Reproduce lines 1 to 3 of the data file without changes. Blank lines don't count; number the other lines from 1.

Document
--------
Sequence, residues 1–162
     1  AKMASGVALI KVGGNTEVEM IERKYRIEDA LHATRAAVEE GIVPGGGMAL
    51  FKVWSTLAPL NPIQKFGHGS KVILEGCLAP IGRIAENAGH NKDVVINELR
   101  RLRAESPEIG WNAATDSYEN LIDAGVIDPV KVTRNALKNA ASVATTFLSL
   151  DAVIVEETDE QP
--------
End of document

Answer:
Sequence, residues 1–162
     1  AKMASGVALI KVGGNTEVEM IERKYRIEDA LHATRAAVEE GIVPGGGMAL
    51  FKVWSTLAPL NPIQKFGHGS KVILEGCLAP IGRIAENAGH NKDVVINELR